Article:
Touring her critically acclaimed second album, Inner Song, Kelly Lee Owens will unleash her own dream-pop vocals and body-moving electronics at The Ritz this November.
Kelly Lee Owens has had quite the journey. Born in wales, she was a hardcore indie kid, roadtripping around the country to take in as much live music and to meet as many people on the scene as possible. After being told by career advisers that music was nice, but offered her few prospects, she moved to Manchester and became an auxiliary nurse in a cancer ward, spending her holidays selling merch for Foals, The Maccabees and Friendly Fires while playing bass in the shoegaze band The History of Apple Pie. Then, instead of returning to the hospital, she interned at XL Recordings in London and took a job at the record store/dance label Pure Groove. There, she found that her colleagues were all moonlighting as DJs and producers – among them Daniel Avery, Gold Panda and Ghost Culture. This led her onto a different path entirely.
And yet not so different. Owens’ journey is resolutely there in her music, which stitches together minimalist techno jams and lush, dream-pop reveries – in the process taking the listener to a place of healing.
Cutting her teeth as a co-writer and vocalist on Daniel Avery’s Drone Logic, her 2017 self-titled album served up a quixotic blend of introspective songwriting and body-moving beats, sitting somewhere between the shimmer of Cocteau Twins and Avery’s elegant, acid-dusted techno. Shining a light on the emotive potential of electronic music, its combination of genres and moreover its nourishing, natural-meets-synthetic sound palette – droning atmospherics of sitars, breathy falsettos and sub-frequencies – garnered numerous accolades from the music press. This gave her the confidence to offer a figurative middle finger to her career advisers, and to throw herself wholly into music.
And album number two could only be produced by someone who has done just that. A leap in artistry that bears far fewer traces of its influences, Inner Song is the sound of Owens diving deep into her own psyche while also looking at the world through a wide-angle lens; exploring personal pain on the one hand and embracing the beauty of the natural world on the other.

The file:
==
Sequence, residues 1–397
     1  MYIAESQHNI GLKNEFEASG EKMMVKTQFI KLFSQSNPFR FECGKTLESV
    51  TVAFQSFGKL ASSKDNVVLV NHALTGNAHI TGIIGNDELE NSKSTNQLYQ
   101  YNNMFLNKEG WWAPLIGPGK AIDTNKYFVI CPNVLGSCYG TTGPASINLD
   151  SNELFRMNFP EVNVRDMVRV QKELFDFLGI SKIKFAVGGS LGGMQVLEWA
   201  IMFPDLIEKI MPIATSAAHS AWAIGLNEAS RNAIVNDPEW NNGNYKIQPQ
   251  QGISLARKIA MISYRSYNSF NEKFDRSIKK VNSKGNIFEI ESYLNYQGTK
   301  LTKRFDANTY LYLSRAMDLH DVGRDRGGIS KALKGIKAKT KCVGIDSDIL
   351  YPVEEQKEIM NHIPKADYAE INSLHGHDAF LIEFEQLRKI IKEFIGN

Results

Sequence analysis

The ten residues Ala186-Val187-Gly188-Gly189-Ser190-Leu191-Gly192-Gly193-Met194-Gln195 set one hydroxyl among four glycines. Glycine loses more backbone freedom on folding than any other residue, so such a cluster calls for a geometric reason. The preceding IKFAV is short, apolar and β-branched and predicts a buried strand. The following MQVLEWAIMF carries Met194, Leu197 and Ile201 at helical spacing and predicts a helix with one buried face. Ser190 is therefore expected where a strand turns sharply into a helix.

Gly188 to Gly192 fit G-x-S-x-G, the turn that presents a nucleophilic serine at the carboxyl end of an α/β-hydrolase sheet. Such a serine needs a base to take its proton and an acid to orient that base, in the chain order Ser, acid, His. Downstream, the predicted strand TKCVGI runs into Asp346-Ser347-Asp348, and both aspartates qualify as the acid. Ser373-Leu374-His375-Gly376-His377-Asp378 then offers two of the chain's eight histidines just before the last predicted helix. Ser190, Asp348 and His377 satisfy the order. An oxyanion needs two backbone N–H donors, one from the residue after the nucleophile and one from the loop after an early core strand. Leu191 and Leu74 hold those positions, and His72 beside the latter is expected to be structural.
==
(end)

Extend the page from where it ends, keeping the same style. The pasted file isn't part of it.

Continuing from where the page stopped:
It was largely written and recorded over just one month last winter. As with her debut, Owens holed up in the studio with collaborator James Greenwood. “With the first album”, Owens says, “I was so obsessed with getting the right sound straightaway, which hindered the flow of ideas. This time around, I let go of my perfection in the initial moment for the ideas to fully flourish and become what they want to be.”
It opens, quite surprisingly, with a cover of Radiohead’s ‘Weird Fishes/ Arpeggi’, whose rustling electro-pop glimmer gives way to yo-yo synths and a tough-as-nails techno backbeat – the alpha and omega of the Kelly Lee Owens experience, reflective of her ability to contain sonic and emotional multitudes within just one song. Owens’ personal roots are as present as her sonic predilections too, as fellow Welsh artist and avant-garde legend John Cale lends his distinctive pipes to the foreboding ‘Corner of My Sky’. Elsewhere, ‘Melt!’ dives into the ever-pressing issue of climate change, right down to its structural composition: “I knew I wanted to create something that sounded hard with organic samples – one of those samples was melting glacial ice, another was people skating on ice. I felt those were great representations of what’s happening in the world. Every moment you’re breathing and sleeping, this is taking place.”
Released in August 2020, Owens hasn’t yet had the chance to give Inner Song a proper live airing; her show at The Ritz was originally planned for Gorilla in May, but was duly postponed. Since then, a whole lot more people have cottoned onto her, hence a massive venue upgrade (the capacity of Gorilla is 550; The Ritz is nearly three times that). While it would have been pretty special to catch her in a more intimate space, the last time we watched her live was at Albert Hall supporting Jon Hopkins, and it was amazing; she gave the headliner a run for his money, which is really saying something. With more music and more shows under her belt, and with the added magic in the air at post-lockdown gigs generally, this one is going to be special.